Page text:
Next week Finance Minister Grant Robertson will deliver his first Budget and the country’s books are looking healthy. Mr Robertson inherited from National a growing economy and Government books in surplus, so there should be plenty of cash for this government.
In addition, Mr Robertson is increasing debt by $10 billion, getting increased revenue from the growing economy, and introducing a whole lot of new taxes. All up, he’s got $34 billion to spend over the next four years.
Yet despite all this, Labour is still finding it hard to meet all the excessive expectations they have built-up with voters and promises to their coalition partners. Budgets are about priorities. It’s hard to be sympathetic to this Government arguing it does not have enough money for universal cheaper GP visits for hardworking families, when it has already spent $2.8 billion on free university for first year law and accounting students and nearly a billion dollars in foreign affairs and an embassy in Sweden for Winston Peters.
When National left office last year, the economy was in great shape with high business confidence and low unemployment. Soon the Treasury will assess the impact of this Ardern-Peters Government’s low-growth policies. Grant Robertson has no plan to continue New Zealand’s recent economic growth and independent economists are already saying economic growth could halve in 18 months as a result.
There is no doubt confidence will continue to go down and our economy will grow slower than it should as long as the government continues its attacks on the oil and gas industry, farmers, and exporters.
The Government’s recent announcement to cap dairy herds is political grandstanding. We have already seen them blindside the oil and gas industry by drastically cutting exploration and now they’re doing the same to the dairy industry. There is no analysis, no consultation - they have no plan.
Environmental improvements are only achieved by governments working together with industry to improve how things are done. The National Government set very specific national limits on nitrates, phosphorous, E.coli, algae and ammonia through the National Policy Statements we put in place in 2014 and 2017. National’s actions put limits on diary conversions in sensitive catchments and is progressively being rolled out by regional councils. In 2017 we agreed with farmers a plan for 56,000km of fencing along waterways over 12 years to come into effect from December 2017 - which this new Government has failed to act on.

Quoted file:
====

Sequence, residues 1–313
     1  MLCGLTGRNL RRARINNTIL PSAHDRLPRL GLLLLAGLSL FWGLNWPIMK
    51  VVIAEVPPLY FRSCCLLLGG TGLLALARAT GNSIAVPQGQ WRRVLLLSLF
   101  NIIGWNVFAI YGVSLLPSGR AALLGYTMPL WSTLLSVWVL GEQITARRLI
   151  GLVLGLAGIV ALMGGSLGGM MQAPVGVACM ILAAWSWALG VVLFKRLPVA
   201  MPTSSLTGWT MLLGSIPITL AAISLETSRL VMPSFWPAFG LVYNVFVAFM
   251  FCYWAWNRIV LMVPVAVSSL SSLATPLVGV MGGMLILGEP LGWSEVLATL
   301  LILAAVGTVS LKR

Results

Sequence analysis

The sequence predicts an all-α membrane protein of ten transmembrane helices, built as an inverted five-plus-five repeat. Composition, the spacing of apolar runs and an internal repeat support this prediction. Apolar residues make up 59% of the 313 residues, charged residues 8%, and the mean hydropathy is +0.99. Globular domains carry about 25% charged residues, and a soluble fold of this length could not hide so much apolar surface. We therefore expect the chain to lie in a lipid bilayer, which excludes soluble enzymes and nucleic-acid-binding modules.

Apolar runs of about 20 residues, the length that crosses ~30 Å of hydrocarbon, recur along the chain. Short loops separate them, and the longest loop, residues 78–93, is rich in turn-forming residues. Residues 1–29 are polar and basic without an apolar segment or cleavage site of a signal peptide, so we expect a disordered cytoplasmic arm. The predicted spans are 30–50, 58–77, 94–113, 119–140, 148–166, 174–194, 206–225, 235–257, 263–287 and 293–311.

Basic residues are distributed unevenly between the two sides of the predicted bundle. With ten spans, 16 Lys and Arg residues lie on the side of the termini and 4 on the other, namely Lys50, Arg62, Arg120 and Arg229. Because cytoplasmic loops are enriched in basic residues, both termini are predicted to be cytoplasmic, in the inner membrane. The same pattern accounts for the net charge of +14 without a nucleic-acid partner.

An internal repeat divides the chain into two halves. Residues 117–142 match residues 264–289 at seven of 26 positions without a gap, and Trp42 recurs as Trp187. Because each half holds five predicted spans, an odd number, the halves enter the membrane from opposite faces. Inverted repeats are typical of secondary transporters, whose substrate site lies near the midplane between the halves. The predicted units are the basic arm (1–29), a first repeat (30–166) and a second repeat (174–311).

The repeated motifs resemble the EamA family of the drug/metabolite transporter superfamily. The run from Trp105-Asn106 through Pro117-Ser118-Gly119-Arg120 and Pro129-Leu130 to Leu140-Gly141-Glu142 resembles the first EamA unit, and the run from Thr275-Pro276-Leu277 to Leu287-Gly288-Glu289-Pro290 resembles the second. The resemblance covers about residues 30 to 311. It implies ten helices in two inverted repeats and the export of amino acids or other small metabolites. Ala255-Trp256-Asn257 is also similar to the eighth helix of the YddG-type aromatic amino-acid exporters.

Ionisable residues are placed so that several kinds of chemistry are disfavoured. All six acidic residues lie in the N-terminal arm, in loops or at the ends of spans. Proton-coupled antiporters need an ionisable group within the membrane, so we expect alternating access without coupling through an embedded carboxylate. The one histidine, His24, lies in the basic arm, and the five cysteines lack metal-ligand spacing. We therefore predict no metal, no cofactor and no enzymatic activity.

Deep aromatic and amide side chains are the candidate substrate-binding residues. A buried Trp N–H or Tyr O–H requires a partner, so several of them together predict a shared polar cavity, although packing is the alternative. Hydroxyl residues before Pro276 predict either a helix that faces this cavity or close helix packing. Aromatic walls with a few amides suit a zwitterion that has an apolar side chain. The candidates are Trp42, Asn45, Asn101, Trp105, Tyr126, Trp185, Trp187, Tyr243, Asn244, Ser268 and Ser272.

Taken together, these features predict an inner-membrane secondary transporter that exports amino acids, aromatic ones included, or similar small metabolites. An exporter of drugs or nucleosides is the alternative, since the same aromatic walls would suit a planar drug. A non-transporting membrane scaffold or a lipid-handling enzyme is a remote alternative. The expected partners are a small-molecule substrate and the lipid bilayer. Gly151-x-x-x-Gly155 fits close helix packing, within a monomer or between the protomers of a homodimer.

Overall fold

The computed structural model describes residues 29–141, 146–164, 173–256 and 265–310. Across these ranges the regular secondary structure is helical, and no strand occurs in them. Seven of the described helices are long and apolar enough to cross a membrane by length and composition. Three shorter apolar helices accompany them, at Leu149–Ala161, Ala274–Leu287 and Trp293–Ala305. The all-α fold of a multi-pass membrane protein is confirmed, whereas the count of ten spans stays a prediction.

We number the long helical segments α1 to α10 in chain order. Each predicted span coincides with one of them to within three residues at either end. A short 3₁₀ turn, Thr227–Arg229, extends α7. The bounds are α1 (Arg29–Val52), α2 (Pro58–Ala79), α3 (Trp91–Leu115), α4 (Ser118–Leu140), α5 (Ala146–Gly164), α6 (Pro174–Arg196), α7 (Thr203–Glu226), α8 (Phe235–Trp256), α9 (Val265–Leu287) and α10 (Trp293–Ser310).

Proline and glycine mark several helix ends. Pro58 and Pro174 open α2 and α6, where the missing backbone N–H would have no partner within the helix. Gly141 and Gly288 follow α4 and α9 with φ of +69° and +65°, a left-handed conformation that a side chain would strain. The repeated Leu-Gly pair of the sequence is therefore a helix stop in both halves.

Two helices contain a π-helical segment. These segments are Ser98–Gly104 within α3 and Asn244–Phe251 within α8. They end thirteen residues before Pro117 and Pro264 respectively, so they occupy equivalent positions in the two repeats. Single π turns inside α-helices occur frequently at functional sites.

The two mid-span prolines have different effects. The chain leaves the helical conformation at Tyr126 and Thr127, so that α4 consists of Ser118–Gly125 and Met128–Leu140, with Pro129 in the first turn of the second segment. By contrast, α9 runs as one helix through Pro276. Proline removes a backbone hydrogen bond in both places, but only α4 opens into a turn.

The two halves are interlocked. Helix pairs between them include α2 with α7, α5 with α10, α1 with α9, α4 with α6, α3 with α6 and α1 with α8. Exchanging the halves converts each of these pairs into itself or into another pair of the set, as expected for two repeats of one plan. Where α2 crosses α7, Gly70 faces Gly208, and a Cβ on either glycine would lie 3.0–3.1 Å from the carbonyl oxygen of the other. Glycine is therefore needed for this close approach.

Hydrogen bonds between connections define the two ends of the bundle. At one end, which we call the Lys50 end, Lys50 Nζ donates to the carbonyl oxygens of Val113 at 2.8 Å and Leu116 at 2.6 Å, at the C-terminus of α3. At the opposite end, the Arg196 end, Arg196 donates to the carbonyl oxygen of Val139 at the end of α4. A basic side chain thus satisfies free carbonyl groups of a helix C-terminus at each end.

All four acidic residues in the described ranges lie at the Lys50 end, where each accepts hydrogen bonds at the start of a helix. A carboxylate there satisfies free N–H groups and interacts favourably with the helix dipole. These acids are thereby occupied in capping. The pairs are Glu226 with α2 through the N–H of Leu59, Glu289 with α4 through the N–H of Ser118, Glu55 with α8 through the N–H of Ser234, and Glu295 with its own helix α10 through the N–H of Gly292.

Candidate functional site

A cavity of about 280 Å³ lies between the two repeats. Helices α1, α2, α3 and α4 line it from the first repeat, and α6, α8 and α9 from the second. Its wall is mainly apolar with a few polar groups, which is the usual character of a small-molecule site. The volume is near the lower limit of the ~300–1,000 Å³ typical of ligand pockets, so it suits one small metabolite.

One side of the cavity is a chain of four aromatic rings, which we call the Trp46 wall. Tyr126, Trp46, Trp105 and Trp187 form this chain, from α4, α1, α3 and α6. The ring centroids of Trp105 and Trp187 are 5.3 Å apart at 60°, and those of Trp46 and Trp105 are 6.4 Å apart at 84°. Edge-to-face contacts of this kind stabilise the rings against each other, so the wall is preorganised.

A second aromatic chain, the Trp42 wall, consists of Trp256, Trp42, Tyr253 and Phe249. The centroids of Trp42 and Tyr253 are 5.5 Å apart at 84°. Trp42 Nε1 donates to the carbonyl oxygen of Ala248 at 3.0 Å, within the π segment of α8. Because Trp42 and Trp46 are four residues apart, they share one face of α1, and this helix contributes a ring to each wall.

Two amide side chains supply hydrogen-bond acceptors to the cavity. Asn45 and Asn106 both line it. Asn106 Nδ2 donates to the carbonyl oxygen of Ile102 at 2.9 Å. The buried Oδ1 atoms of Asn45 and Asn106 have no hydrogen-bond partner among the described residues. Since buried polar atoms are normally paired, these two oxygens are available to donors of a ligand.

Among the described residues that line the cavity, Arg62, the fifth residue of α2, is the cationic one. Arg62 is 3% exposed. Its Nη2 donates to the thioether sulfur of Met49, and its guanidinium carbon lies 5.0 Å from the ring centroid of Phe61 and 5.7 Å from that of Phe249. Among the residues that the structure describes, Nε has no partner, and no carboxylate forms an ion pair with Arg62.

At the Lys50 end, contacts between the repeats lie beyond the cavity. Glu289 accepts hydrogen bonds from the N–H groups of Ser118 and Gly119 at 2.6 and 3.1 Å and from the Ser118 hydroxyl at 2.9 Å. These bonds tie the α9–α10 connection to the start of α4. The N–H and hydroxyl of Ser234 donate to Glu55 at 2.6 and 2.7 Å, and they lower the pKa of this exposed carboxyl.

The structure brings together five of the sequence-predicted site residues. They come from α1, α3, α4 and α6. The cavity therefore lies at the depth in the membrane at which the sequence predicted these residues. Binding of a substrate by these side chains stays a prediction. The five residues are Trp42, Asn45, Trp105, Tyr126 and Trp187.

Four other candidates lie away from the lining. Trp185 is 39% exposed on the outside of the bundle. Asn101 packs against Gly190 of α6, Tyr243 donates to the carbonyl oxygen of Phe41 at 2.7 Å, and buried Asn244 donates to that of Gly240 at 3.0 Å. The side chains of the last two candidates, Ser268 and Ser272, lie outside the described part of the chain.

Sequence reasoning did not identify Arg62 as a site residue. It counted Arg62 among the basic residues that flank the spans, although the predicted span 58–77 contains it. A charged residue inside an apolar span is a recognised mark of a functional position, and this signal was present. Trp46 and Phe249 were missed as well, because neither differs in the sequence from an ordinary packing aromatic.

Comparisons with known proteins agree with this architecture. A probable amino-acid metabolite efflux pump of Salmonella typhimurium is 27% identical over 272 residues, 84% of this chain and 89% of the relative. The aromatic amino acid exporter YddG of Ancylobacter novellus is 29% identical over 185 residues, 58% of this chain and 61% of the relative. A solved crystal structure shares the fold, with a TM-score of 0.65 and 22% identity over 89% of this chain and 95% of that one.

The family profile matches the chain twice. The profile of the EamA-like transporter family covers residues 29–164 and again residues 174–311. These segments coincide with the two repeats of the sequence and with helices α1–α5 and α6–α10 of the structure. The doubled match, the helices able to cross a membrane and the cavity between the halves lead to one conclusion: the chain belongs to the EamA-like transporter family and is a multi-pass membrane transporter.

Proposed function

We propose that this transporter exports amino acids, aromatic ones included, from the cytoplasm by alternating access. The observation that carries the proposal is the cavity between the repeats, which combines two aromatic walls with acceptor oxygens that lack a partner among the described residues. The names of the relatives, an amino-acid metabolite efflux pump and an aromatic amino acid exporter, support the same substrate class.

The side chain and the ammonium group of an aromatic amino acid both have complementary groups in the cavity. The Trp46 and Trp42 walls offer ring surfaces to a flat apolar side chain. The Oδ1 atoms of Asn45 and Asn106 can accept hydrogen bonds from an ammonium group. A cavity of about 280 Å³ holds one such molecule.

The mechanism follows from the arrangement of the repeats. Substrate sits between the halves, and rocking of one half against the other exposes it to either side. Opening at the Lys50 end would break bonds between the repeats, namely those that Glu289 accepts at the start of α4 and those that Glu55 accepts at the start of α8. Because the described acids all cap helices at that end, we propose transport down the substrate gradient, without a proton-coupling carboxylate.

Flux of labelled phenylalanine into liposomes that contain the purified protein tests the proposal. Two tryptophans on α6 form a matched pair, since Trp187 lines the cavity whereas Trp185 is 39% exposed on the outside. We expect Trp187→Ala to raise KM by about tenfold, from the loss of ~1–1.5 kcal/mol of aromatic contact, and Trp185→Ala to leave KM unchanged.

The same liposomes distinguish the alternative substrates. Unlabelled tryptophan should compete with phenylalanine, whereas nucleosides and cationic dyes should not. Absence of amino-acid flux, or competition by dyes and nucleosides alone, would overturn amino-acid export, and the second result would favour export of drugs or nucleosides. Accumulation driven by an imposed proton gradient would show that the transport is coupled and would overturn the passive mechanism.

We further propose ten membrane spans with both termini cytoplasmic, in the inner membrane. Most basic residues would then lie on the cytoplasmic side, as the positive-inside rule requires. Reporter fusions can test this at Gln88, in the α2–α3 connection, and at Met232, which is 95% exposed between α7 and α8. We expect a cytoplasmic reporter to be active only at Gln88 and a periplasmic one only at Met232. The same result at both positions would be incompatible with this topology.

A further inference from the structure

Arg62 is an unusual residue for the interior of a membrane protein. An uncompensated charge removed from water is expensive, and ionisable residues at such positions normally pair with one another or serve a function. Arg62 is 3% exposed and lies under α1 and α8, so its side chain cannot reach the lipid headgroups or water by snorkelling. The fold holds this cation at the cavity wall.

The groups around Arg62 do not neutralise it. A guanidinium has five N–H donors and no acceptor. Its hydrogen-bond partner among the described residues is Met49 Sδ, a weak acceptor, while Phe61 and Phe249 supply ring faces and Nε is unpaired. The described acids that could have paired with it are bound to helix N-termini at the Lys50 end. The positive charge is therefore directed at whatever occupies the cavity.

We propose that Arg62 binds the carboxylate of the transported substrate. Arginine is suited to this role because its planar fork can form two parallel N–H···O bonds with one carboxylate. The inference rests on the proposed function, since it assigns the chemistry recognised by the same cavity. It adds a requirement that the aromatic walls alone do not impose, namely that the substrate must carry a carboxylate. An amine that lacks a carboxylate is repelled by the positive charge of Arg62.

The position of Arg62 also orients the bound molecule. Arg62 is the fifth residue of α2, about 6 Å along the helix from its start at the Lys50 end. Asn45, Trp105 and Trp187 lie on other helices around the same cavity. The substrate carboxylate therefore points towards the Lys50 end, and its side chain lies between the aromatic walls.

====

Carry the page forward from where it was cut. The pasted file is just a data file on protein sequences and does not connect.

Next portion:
Farmers play a massive part in creating and investing in solutions to improve the way they operate. Unfortunately, it’s now clear this Ardern-Peters Government is out to punish them – in fact the Minister for Agriculture himself said this government is “no friend to the farmer”. The Government fails to realise how important food production is to our economy. However, our communities, whether rural or urban areas, understand we are all in this together.
Ahead of the budget Labour will continue their political attacks against the previous government. Yet, the reality is we made big investments every year into both health and education - last year alone we increased health spending by $880 million a year - the highest increase in eleven years.
Labour’s real problem is they promised too much. Now these huge spending promises to both voters and their coalition parties are coming home to roost. This Ardern-Peters Government is very fortunate we left the books in such great shape. But with their current raid on the regions, I am not confident that by 2020 the books will be looking as strong. And that means less money for your family, as well as the health and education services we all need.